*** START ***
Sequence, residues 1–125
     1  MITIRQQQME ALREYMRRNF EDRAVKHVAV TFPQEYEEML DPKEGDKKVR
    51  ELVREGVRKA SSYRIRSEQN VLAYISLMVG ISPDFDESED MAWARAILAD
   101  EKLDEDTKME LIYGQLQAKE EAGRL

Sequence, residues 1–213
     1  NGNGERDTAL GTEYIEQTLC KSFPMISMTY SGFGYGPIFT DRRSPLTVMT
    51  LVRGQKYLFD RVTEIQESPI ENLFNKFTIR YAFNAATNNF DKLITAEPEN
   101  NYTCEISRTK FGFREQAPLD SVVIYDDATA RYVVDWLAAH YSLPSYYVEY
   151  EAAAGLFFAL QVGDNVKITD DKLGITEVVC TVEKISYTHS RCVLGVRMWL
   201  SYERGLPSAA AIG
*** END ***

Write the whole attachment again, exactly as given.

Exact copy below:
Sequence, residues 1–125
     1  MITIRQQQME ALREYMRRNF EDRAVKHVAV TFPQEYEEML DPKEGDKKVR
    51  ELVREGVRKA SSYRIRSEQN VLAYISLMVG ISPDFDESED MAWARAILAD
   101  EKLDEDTKME LIYGQLQAKE EAGRL

Sequence, residues 1–213
     1  NGNGERDTAL GTEYIEQTLC KSFPMISMTY SGFGYGPIFT DRRSPLTVMT
    51  LVRGQKYLFD RVTEIQESPI ENLFNKFTIR YAFNAATNNF DKLITAEPEN
   101  NYTCEISRTK FGFREQAPLD SVVIYDDATA RYVVDWLAAH YSLPSYYVEY
   151  EAAAGLFFAL QVGDNVKITD DKLGITEVVC TVEKISYTHS RCVLGVRMWL
   201  SYERGLPSAA AIG